Tag Archives: trembling

For your dam’s sake, know the signs of Eclampsia

Photograph by Sarah Armstrong


Your new litter is doing wonderful, they’re all snuggled in next to mom, squeaking and squirming, gaining weight and growing strong. But something doesn’t seem right with mom and you can’t quite put your finger on it. She’s always loving on those puppies, seems like she’s nursing them round the clock, but her appetite is off, she won’t eat, and she seems so nervous and restless, panting and drooling at times. Her movements were stiff, like an older, arthritic version of herself when she got up to go outside with you, and when you called her to come in from outside she seemed disoriented, like she couldn’t figure out how to get to where you were standing.

These are just a few of the signs of Eclampsia (some folks call this Milk Fever) in it’s early stages. While Eclampsia occurs more often in small or toy breeds, it can affect large breeds like our Gordon Setters too, especially those who have given birth to a large litter, or who have gone through a particularly difficult or prolonged labor. Risk factors include large litter size, prolonged or difficult labor, poor nutrition during gestation, stress, underlying systemic illness and excessive calcium supplementation during pregnancy.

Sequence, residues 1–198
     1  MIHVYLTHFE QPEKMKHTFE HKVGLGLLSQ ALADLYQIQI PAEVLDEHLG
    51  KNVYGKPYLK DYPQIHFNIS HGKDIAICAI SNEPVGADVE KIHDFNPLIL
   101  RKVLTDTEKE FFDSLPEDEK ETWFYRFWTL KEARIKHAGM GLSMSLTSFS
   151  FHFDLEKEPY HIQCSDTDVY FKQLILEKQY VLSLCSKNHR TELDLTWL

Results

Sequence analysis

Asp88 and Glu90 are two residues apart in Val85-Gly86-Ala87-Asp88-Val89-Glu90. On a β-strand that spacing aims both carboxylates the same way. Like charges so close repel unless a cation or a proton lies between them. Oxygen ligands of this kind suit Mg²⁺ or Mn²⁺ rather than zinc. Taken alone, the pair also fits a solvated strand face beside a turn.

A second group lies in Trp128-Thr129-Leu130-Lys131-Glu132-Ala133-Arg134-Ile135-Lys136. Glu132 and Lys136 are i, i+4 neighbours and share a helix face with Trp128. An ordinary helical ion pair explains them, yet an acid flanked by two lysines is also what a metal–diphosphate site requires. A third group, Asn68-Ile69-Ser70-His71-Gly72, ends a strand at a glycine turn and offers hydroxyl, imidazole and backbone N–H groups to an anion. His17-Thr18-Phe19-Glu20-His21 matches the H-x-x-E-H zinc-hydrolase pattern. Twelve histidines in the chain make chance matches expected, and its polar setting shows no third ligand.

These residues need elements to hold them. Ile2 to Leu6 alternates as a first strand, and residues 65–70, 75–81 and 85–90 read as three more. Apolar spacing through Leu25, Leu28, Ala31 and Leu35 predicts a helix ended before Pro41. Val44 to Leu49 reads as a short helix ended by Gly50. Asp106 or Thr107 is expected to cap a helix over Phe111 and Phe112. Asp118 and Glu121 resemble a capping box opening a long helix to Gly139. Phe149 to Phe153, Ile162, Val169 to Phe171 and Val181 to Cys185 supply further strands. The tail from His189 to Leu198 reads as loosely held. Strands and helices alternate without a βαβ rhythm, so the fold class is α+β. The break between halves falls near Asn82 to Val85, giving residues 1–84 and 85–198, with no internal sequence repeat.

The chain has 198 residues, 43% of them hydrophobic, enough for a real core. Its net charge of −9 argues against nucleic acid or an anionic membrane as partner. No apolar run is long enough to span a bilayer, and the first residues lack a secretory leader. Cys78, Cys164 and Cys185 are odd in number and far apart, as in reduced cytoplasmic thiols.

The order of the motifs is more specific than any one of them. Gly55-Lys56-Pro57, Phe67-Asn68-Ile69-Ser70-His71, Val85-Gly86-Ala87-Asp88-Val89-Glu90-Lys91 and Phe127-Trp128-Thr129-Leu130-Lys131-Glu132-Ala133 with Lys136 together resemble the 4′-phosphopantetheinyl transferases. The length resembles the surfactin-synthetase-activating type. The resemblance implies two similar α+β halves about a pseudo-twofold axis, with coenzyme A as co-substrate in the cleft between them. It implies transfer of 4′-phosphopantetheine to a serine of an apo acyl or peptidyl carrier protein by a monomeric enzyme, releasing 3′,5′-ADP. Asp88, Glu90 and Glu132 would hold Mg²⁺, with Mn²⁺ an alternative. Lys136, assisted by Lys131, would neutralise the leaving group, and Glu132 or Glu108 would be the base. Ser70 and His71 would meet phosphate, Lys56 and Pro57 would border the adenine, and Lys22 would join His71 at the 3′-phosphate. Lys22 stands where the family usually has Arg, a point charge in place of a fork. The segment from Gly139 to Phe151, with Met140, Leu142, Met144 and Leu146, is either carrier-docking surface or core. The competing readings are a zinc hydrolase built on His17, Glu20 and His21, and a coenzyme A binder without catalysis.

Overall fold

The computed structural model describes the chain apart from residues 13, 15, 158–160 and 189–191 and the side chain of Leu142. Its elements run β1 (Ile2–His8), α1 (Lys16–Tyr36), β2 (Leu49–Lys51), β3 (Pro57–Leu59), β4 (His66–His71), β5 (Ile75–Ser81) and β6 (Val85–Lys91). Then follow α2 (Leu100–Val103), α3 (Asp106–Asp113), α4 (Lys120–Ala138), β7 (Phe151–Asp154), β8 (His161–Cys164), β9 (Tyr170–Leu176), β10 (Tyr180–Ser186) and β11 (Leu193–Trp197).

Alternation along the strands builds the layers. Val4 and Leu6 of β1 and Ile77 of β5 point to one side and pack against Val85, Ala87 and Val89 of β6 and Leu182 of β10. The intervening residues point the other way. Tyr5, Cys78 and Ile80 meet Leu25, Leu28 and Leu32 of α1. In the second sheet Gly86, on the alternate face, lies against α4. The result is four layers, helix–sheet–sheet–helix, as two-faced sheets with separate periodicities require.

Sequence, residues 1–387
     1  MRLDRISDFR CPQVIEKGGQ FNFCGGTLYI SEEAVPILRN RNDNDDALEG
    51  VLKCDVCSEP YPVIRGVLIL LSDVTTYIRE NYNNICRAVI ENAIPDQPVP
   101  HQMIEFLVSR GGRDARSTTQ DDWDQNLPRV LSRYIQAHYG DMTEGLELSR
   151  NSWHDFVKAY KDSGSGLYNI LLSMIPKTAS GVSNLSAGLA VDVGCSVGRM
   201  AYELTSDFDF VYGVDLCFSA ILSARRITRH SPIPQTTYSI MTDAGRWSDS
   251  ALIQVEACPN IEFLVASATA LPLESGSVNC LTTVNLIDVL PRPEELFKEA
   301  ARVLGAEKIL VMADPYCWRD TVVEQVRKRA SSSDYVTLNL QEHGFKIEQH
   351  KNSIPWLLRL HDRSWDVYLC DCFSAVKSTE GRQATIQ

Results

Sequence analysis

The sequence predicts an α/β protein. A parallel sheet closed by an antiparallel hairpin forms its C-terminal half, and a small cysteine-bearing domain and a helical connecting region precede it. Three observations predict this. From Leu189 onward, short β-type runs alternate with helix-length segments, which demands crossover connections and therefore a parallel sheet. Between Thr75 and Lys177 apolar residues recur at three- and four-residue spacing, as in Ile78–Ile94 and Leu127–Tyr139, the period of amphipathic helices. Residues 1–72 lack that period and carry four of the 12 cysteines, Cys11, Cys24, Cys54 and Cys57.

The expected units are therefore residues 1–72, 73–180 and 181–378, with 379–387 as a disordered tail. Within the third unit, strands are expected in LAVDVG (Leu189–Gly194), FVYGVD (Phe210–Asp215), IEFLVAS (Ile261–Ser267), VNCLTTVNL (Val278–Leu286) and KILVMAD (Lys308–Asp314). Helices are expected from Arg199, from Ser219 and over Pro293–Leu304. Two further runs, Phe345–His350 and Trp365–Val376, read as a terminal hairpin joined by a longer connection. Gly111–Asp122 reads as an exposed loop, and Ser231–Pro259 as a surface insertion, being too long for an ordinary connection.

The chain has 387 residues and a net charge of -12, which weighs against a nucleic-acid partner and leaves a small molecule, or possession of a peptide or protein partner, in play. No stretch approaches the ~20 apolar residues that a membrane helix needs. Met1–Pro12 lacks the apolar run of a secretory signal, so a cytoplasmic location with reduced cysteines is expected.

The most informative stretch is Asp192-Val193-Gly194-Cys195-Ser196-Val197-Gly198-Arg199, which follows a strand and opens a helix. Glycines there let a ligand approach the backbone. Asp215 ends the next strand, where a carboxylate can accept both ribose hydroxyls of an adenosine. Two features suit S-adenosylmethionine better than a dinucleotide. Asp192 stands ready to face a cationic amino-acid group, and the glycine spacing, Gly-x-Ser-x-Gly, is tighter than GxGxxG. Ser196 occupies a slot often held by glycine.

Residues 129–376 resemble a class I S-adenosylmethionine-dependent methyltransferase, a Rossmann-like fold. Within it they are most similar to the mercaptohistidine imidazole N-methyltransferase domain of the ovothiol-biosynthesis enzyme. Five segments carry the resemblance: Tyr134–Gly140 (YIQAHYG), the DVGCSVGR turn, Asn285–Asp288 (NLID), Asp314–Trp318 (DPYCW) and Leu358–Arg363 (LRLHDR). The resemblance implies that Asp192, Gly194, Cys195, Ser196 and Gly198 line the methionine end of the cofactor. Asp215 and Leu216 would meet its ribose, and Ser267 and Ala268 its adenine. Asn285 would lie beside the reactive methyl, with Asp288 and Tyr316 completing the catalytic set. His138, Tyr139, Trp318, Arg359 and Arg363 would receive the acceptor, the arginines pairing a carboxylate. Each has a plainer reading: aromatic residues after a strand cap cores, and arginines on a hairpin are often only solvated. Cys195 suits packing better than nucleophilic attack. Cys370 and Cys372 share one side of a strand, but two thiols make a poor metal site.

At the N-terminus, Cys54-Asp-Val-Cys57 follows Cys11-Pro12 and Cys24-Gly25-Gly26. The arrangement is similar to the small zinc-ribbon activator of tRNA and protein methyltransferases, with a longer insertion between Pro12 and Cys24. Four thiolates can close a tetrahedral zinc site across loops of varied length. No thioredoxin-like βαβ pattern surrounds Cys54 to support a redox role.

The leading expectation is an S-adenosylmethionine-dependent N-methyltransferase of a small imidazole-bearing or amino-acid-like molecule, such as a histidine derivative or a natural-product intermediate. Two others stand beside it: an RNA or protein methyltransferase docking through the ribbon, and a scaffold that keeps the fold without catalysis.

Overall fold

Eclampsia is an emergency medical condition resulting from a life-threatening drop in blood calcium levels. Eclampsia occurs in nursing dams and is most common when the puppies are one to five weeks of age and the dam is producing the most milk.

Signs of Trouble

Eclampsia comes on suddenly. It progresses very quickly. It seems like one minute you have a healthy, lactating bitch with a thriving litter and the next minute she is on the ground convulsing. This is not a wait and see disease…seek immediate emergency veterinary attention at the first sign that something’s amiss.

The symptoms can be subtle at first and resemble those seen before whelping, including:

  • Restlessness
  • Nervousness
  • Anxiety
  • Panting
  • Excessive salivation
  • Pacing
  • Whining
  • Confusion
  • Disorientation